Written by True Tamplin, BSc, CEPF®

Reviewed by Subject Matter Experts

Updated on July 19, 2023

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What Are Tranches in Finance?

An example of a financial product that may be divided into tranches is a mortgage back security, or MBS.

An MBS is made up of several mortgage pools with varying degrees of risk and times to maturity.

Therefore, the MBS may be divided into tranches in order to offer slices of the portfolio to different investors.

For example, the portfolio may have tranches with one year, two year, five year, and twenty year maturities, all with varying yields.

Define Tranches In Simple Terms

A tranche is a segment of a pooled collection of securities, typically debt vehicles, that are split up by risk, time to maturity, or other characteristics to be appealing to different investors.

The tranches of a larger asset pool are defined in transaction documentation and are assigned a different class of notes and different credit ratings.

Tranches often constitute different portions of a debt or security offering that is partitioned into varying degrees of risk, maturity, or other classifying features.

This division allows investors to choose the piece or tranche that best aligns with their investment objectives, risk tolerance, and time horizon.

Types of Tranches

Senior Tranches

Senior tranches, often called the 'A-Tranche,' represent the most secure portions of a debt security. These tranches have the highest claim on the underlying assets' cash flows and are first to receive payments.

Due to their superior position in the payment hierarchy, senior tranches usually have lower yields compared to other tranches, reflecting their reduced risk.

Mezzanine Tranches

Mezzanine tranches hold an intermediate position in the hierarchy of a structured finance transaction.

Positioned between the senior and junior tranches, mezzanine tranches entail more risk than senior tranches but less than junior tranches. Consequently, their yield is also intermediate, offering investors a balance between risk and return.

Junior Tranches

Junior tranches, also known as equity or 'C-Tranche,' sit at the bottom of the payment hierarchy. They are the last to receive any payments and bear the most significant risk.

As a result, junior tranches often provide higher potential yields to compensate investors for their higher risk exposure.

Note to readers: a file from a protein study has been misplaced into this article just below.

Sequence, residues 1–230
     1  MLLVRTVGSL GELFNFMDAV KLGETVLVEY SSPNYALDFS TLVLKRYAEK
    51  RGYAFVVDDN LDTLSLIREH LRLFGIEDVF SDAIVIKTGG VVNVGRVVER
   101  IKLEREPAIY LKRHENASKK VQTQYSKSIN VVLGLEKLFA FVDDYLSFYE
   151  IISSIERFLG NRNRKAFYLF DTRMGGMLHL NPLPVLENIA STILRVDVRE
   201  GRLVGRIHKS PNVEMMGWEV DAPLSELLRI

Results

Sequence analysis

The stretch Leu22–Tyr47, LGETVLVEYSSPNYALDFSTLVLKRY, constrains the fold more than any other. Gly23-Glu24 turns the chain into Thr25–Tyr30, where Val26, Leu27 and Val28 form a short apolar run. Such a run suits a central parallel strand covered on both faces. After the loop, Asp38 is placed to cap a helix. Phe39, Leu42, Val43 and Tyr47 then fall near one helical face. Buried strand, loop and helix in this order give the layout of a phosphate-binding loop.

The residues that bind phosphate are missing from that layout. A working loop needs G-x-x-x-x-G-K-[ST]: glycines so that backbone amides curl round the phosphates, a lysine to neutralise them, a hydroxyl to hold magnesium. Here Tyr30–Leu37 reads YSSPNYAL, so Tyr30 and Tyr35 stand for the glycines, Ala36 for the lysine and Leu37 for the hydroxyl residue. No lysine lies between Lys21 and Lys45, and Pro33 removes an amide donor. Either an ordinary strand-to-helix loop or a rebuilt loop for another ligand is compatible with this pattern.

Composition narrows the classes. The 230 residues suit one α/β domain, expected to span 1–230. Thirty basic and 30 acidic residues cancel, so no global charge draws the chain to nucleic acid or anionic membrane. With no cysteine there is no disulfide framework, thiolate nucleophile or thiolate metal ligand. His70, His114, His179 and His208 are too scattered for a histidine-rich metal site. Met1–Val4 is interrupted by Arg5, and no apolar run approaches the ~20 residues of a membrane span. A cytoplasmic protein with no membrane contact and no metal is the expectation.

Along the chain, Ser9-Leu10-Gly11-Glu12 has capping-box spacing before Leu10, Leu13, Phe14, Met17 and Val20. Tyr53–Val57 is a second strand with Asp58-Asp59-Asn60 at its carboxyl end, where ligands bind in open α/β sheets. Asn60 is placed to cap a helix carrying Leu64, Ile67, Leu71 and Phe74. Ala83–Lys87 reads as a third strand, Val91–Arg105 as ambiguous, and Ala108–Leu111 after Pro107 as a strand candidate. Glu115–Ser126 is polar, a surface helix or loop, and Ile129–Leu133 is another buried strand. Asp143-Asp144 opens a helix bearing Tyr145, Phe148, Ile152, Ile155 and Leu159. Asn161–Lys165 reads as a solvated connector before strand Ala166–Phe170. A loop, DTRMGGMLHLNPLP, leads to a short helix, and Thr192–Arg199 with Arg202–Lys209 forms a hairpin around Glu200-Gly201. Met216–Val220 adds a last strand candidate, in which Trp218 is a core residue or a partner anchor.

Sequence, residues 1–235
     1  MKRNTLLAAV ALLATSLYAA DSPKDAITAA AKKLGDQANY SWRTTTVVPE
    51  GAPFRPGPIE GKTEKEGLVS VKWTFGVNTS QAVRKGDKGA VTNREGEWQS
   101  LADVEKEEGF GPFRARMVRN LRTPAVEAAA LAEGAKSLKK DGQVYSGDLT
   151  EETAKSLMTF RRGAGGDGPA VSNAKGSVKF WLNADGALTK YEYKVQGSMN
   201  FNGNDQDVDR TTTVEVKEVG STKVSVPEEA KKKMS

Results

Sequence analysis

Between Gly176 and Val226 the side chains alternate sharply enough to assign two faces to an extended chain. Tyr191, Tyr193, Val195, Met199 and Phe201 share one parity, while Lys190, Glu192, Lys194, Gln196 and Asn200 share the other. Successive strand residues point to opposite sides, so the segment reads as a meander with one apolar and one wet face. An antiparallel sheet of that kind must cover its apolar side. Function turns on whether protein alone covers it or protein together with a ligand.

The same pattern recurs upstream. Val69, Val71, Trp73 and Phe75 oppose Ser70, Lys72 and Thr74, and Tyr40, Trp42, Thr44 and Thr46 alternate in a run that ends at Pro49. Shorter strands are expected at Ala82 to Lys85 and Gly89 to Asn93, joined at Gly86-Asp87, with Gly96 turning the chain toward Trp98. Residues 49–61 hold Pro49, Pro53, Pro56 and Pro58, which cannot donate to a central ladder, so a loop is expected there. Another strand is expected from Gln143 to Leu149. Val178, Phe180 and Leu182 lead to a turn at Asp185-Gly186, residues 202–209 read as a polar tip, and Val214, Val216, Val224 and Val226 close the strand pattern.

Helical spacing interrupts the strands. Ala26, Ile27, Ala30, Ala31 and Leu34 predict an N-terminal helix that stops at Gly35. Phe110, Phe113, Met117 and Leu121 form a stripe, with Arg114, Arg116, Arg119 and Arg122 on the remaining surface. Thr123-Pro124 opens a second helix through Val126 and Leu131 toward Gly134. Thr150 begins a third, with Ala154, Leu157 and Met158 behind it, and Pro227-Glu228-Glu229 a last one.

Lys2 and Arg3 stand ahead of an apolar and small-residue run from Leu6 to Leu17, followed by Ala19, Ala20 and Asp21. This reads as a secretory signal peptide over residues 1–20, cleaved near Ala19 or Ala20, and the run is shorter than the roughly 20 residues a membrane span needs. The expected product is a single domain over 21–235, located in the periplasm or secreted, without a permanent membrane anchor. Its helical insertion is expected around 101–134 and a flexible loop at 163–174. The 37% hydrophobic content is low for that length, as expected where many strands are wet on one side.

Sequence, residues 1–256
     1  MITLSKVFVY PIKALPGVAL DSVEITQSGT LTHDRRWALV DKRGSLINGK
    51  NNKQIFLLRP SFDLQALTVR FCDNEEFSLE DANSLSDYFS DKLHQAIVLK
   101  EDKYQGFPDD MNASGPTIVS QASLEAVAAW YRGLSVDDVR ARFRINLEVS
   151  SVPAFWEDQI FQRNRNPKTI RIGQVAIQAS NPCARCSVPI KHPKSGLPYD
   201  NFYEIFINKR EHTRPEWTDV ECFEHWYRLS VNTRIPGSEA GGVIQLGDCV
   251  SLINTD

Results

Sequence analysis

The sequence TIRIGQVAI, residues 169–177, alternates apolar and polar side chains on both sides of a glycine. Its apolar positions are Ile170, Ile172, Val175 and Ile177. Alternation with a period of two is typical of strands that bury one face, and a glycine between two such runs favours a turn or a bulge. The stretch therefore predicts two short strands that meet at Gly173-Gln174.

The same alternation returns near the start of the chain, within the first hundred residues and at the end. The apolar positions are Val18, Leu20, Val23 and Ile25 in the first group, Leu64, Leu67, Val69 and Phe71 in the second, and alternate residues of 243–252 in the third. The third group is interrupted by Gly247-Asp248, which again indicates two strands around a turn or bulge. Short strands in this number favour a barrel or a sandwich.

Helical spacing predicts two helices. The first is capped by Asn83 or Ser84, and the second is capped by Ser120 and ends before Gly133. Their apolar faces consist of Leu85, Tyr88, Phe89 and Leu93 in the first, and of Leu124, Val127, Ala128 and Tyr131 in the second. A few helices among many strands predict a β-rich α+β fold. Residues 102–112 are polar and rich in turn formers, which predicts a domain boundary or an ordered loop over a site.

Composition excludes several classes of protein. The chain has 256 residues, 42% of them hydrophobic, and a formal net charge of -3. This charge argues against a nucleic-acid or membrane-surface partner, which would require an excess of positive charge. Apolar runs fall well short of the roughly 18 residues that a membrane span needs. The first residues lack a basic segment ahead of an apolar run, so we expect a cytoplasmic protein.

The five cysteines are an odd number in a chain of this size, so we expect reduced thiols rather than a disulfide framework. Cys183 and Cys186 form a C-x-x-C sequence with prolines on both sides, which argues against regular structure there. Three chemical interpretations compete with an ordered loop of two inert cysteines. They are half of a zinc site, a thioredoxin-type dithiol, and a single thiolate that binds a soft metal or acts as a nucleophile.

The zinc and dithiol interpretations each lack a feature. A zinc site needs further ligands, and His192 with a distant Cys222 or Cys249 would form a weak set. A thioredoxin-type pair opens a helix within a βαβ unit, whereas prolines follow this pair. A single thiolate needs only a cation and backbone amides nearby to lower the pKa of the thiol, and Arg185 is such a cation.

Types of Tranches

Characteristics of Tranches

Risk Profile

Tranches are defined by their risk profile, which is determined by their position in the payment hierarchy.

Senior tranches carry the least risk, followed by mezzanine and junior tranches, respectively. The risk level of a tranche directly impacts its yield and return.

Yhield and Return

The yield and return on tranches also vary according to their risk. Higher risk tranches offer greater potential returns to attract investors, while lower risk tranches offer lower yields but provide more stability and security.

Credit Ratings

Credit ratings agencies assign ratings to tranches based on their perceived risk. These ratings can significantly influence a tranche's marketability and pricing.

Typically, senior tranches receive the highest ratings, while junior tranches receive the lowest.

Tranche Characteristics

Structuring Tranches

Tranche Slicing

Tranche slicing refers to the division of a securities offering into different segments or tranches. This process allows for differentiation in risk, return, and maturity, catering to the diverse needs of investors.

Cash Flow Waterfall

The cash flow waterfall refers to the order in which cash flows from the underlying assets are distributed to the tranches.

The senior tranche is paid first, followed by mezzanine, and finally, the junior tranche. This sequential payment structure ensures that the riskier tranches only receive payments after the less risky tranches have been fully paid.

Subordination Levels

Subordination levels determine the order in which losses are absorbed. In the case of default or loss in the underlying assets, the junior tranches absorb the loss first, followed by the mezzanine, and finally, the senior tranche.

This structure provides additional protection to the senior tranche, enhancing its credit quality.

Benefits of Tranches

Risk Allocation

Tranching allows for the efficient allocation of risk among different investor groups. By splitting the security into different risk levels, investors can choose the tranche that best suits their risk appetite.